The Role of PKCAlpha-Mediated p120-Catenin Phosphorylation on Endothelial Permeability
thesisposted on 21.02.2013, 00:00 by Emily E. Vandenbroucke St Amant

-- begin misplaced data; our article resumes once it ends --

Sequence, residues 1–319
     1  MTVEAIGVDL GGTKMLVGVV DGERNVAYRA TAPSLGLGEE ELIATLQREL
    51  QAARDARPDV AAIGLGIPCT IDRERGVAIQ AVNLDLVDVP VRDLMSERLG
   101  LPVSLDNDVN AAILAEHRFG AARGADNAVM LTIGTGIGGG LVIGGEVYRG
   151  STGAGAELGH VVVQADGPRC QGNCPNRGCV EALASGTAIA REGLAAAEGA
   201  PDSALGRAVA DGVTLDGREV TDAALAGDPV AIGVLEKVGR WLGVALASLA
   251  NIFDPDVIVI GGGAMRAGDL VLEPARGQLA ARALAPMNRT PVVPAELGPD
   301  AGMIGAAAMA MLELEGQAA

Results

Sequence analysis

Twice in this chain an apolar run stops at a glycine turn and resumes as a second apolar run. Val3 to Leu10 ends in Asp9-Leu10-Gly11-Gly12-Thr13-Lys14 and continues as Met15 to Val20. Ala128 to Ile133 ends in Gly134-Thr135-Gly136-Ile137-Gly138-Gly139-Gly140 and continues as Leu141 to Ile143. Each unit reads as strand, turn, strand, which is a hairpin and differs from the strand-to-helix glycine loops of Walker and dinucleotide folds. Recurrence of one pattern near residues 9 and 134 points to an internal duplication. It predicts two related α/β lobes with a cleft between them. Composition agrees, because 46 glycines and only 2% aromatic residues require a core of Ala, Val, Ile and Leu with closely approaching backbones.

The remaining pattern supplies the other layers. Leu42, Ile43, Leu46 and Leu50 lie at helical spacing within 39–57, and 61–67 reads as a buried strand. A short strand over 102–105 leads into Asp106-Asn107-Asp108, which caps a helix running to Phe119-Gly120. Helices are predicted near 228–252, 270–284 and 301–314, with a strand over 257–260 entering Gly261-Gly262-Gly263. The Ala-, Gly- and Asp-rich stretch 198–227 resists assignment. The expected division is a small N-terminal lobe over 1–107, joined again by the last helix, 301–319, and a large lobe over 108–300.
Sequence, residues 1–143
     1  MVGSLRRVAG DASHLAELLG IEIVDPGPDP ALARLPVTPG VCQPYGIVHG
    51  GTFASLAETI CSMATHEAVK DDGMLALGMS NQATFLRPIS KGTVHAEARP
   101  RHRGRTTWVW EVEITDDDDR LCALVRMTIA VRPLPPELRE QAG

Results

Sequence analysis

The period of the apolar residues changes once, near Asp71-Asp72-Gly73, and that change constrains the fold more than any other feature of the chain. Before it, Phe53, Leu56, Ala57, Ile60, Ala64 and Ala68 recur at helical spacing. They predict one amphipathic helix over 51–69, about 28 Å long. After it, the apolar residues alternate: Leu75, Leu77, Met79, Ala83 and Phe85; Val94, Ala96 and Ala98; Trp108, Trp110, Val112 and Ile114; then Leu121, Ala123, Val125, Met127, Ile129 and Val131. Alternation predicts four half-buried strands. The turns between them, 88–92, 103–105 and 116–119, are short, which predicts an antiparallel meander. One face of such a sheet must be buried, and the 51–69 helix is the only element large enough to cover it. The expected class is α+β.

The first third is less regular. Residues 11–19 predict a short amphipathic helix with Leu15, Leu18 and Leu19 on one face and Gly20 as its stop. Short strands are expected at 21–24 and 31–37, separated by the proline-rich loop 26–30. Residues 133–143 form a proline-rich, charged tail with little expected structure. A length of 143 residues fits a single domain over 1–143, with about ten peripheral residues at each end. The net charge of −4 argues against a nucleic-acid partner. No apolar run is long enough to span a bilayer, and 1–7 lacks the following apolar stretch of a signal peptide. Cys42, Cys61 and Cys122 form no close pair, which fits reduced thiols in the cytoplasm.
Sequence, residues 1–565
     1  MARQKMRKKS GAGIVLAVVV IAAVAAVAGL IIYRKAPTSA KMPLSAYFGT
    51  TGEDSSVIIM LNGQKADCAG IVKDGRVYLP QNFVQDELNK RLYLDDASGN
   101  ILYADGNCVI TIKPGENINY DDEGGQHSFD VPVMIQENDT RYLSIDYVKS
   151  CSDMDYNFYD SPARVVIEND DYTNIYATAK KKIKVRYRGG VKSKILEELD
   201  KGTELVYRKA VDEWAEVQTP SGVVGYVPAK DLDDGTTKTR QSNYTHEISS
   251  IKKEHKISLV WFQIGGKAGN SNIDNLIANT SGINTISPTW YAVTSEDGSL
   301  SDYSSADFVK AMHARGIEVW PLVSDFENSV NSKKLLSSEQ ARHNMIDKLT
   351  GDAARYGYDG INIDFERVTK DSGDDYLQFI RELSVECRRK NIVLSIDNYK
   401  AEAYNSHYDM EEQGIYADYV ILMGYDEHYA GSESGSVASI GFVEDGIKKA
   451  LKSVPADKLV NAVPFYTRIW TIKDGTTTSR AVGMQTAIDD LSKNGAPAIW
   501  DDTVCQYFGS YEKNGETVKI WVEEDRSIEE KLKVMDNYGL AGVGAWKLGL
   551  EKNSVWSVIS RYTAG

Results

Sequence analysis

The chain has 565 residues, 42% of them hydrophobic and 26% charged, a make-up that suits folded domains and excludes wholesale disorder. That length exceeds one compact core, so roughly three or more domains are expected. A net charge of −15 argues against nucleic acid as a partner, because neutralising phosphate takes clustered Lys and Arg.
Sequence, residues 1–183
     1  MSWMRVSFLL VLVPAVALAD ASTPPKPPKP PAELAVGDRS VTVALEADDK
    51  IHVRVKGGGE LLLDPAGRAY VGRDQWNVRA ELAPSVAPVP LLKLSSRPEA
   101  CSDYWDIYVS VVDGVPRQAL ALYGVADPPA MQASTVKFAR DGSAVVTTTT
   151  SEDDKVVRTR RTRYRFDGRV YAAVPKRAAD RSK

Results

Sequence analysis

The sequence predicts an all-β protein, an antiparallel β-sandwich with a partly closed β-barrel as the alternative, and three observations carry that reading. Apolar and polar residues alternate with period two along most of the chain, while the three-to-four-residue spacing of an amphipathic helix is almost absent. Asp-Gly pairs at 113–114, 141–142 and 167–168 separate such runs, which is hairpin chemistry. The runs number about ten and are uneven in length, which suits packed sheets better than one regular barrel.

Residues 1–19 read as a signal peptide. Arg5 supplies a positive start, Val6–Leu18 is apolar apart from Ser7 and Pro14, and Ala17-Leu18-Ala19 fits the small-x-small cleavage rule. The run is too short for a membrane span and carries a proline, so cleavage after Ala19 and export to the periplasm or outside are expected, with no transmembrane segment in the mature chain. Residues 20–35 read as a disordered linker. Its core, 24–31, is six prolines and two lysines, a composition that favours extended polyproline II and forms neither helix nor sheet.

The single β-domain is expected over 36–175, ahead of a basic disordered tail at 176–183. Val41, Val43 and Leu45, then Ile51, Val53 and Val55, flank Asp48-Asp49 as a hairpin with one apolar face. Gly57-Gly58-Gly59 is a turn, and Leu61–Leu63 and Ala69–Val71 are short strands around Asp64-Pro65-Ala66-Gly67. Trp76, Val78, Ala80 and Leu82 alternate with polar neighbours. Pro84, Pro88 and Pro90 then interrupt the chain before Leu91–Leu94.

Adherens junctions are the primary cell-cell junction that maintains the integrity of the endothelium. Vascular leakage resulting from inflammation contributes to a variety of pathological conditions. This thesis investigates the role of protein kinase C-α (PKCα) phosphorylation of p120-catenin p120) on adherens junction stability and regulation of endothelial permeability during inflammation. Vascular endothelial cadherin (VEC) is the major structural protein comprising adherens junctions. VEC requires binding of p120 to maintain intact adherens junctions; the loss of bound p120 results in VEC internalization and disassembly of adherens junctions. PKCα, a serine/threonine kinase, phosphorylates p120 on S879. We found that phosphorylation of this site causes p120 to dissociate from VEC and results in increased endothelial permeability. p120 phosphorylated on S879 showed no colocalization with VEC, indicating that once p120 is phosphorylated on this site, it can no longer bind VEC. We created point mutations of p120 on S879, and expressed these mutants using a liposome-based cDNA transfection in endothelial cells and mouse lungs. The pro-inflammatory agents thrombin and LPS were used to stimulate increased permeability in endothelial cells, and similarly PAR-1 agonist peptide or LPS was used in mice. The phosphomimetic p120 (S879D) did not associate with VEC in endothelial cells, whereas the phosphodefective p120 (S879A) remained bound to VEC even after thrombin stimulation. Endothelial cells expressing phosphodefective p120 exhibited less interendothelial gap formation after thrombin stimulation, suggesting that expression of phosphodefective p120 protected against adherens junction disassembly. Mice expressing phosphodefective p120 showed less of an increase in lung vessel permeability and less edema formation following in vivo stimulation with PAR-1 agonist peptide as compared to mice expressing wild-type p120. This further confirms that phosphorylation of p120 on S879 by PKCα is a critical signaling mechanism involved in regulation of adherens junction stability and endothelial barrier function. We also created a peptide that blocked S879 phosphorylation in endothelial cells by competitively binding p120. Cells incubated with the blocking peptide showed significantly less monolayer disruption after thrombin stimulation, indicating that blocking S879 may be a potential therapeutic target used to block edema.